And of this Gospel, teachers and leaders, as well as the least among us, are called to be “a servant” (v.7), and this not by our own powers but “according to the gift of God’s grace that was given to me by the working of his power” (v.7). We so often feel that those called to minister the Gospel must be the most able, the loudest and the strongest in the Church, and for so many of us who are queer in the Church that doesn’t feel like us. So it is reassuring that the writer of Ephesians uses the character of Paul, who reminds us often that he was “the very least of all the saints” (v.8), and that the vocation to serve God and his Gospel is not a right owed on account of our abilities or social standing, but a “grace… given to me to bring to the Gentiles the news of the boundless riches of Christ” (v.8). Christians, queer or not, do not serve God by their own power or for their own enrichment, but by God’s grace and for Christ’s riches.
And this last verse sums up for me the essence of Christian evangelisation, for at the heart of the Christian love for God is the desire to share that love with others. It is a desire “to make everyone see what is the plan of the mystery” (v.9), neither seeking only to share with those who are like us, nor seeking only to convert those who are other than us, in order to make them more like us. We receive our faith as a gift, and we want to share that gift with all people, whoever they are.
This mystery of unity and reconciliation in Christ is for everyone, and Christians are called to reflect that in our relationships with those around us. For this mystery is an eternal mystery, “hidden for ages in God who created all things” (v.9). This is how profoundly God has always desired our union and unity, how profoundly God has desired to tear down the dividing walls between us, and how profoundly he wishes to use each and every one of us to that end.
Encouragement for the Difficult Task
10so that through the church the wisdom of God in its rich variety might now be made known to the rulers and authorities in the heavenly places. 11This was in accordance with the eternal purpose that he has carried out in Christ Jesus our Lord, 12in whom we have access to God in boldness and confidence through faith in him. 13I pray therefore that you may not lose heart over my sufferings for you; they are your glory.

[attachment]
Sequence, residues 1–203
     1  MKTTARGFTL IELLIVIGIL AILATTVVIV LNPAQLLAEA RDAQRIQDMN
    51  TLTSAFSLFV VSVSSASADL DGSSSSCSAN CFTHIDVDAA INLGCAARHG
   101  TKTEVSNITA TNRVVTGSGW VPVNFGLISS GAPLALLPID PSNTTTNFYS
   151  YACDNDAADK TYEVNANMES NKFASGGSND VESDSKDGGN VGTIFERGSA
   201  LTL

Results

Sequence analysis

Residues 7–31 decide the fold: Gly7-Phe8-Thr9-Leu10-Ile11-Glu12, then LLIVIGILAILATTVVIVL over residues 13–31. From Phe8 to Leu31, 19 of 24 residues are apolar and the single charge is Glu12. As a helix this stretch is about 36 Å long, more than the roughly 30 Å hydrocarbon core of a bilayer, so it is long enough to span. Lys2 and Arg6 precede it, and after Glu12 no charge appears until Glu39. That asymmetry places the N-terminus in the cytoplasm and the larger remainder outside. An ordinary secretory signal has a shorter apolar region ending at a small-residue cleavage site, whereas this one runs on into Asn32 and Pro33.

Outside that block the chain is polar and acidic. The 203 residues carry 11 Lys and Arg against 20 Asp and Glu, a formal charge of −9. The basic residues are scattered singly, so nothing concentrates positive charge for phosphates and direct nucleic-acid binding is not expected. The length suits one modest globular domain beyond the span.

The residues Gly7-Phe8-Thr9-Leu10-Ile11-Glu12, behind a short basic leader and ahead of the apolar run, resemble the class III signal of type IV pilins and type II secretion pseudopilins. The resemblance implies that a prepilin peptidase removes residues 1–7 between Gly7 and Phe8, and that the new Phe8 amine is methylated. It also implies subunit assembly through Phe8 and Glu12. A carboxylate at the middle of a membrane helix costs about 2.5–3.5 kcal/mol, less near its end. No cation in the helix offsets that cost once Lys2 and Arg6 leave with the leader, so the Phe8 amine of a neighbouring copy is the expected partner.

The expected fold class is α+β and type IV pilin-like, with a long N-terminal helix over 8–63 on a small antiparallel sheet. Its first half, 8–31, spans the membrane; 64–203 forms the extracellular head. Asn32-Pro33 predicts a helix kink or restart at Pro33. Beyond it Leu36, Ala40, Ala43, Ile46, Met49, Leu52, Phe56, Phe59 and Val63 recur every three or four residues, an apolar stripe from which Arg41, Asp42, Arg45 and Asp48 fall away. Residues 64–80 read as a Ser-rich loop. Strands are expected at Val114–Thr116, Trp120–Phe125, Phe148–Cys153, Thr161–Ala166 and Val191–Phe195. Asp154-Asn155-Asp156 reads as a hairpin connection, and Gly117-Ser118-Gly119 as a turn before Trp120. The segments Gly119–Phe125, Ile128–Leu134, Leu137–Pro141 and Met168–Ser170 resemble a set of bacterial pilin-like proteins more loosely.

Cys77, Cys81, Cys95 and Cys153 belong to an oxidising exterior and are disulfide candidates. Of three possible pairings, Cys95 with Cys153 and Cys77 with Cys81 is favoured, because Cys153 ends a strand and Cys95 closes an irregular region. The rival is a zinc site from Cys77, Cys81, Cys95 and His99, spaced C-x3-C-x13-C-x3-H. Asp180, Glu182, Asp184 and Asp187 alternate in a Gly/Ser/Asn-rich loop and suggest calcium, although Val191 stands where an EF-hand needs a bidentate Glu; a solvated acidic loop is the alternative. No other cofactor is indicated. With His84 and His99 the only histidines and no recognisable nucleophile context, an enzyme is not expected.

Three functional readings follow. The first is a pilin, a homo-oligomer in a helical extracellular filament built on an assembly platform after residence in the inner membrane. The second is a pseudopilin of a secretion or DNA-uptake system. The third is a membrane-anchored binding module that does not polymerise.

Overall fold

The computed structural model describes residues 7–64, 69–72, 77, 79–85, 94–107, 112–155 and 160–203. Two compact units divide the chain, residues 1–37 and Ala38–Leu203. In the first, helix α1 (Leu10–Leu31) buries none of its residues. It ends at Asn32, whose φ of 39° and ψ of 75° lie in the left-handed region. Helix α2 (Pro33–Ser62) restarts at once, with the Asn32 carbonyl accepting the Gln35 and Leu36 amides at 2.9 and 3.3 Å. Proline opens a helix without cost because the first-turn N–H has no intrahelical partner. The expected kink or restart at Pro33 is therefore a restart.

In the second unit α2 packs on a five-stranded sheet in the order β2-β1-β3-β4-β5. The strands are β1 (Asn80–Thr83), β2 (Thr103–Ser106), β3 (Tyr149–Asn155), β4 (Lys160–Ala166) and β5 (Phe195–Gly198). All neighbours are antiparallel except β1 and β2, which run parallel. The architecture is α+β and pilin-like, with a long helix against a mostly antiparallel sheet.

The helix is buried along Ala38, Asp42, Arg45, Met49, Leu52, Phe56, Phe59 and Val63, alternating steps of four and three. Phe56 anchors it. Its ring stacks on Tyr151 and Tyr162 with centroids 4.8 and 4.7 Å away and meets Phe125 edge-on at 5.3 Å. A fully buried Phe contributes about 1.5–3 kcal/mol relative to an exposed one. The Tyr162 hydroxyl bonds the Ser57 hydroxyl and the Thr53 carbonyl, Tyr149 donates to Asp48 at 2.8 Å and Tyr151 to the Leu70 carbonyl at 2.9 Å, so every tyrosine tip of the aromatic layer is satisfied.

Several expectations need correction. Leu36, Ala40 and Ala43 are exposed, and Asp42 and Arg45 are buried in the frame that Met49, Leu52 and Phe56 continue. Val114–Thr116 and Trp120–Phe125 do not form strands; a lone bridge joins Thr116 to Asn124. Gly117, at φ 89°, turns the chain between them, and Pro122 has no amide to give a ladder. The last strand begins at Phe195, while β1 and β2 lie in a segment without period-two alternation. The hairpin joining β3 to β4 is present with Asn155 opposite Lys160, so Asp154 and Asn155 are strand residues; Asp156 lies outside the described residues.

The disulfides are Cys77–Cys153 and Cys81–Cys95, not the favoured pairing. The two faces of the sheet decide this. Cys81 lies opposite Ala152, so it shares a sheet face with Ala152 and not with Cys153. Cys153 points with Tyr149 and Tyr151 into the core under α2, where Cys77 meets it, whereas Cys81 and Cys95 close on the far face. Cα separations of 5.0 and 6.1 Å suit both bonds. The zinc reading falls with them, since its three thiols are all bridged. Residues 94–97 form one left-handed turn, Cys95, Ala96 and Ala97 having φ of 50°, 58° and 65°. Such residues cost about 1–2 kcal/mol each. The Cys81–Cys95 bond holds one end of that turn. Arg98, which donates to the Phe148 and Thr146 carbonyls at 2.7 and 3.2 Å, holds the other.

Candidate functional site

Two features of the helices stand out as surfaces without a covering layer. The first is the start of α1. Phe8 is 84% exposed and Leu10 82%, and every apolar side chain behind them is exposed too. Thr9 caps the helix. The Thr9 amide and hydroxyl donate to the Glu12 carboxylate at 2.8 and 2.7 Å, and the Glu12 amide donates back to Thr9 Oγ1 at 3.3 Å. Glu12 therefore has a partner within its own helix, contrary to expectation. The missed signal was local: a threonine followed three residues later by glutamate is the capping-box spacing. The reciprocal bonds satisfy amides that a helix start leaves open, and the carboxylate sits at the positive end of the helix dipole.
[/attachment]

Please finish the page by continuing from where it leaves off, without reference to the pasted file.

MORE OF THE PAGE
The call to work for unity in Christ and the breaking down of barriers is a difficult one. The Church is called to enter some of the toughest spheres for peacemaking and reconciliation, “so that through the church the wisdom of God… might now be made known to the rulers and authorities in the heavenly places” (v.10). We as members of the Church are called not only to break down the dividing walls immediately around us, but to engage with the powerful, the rich and the influential. These are the people who most closely guard many of the walls that divide God’s children. And we are called to bring the Good News to them as well, in a “rich variety” (v.10) of different ways, as each of us is called.
The powerful and influential have a great hold on us. Every time we read the news there is something to shake our confidence in the Church’s power to change the world as we see it now. Every time we flick through facebook, we see another leading figure preaching hatred and division and heads nodding in agreement. And Ephesians knows the sort of pressure we are under to despair and give up hope.
Ephesians reassures us that the God’s plan to break down the barriers that separate us is not just our lonely challenge, our impossible task, to perform. This mission is nothing less than God’s “eternal purpose” that he has already “carried out in Christ Jesus our Lord” (v.11). This mission is already in motion. Victories have already been won. And we do not act alone, for in Jesus “we have access to God in boldness and confidence through faith in him” (v.12). This is why Ephesians can say, “I pray therefore that you may not lose heart” (v.13), lacking in confidence that God has our backs. For the “sufferings” (v.13) that we experience ourselves, that we see in those we love and those like us around the world, are not our shame, our defeat, or our destruction. The difficulty of the task of breaking down barriers and uniting people in the love of Christ is no reason to stop. Rather, “they are your glory” (v.13).
The task the Church faces in breaking down barriers is great. The task that queer people in Church face in doing the same is even greater. But we are called not to lose heart, for God is in our sufferings. He has laid the foundations of the final victory when all people shall be one in Christ. And he gives us grace to continue to be voices of wisdom and unity in a world and Church that desperately need to know those things.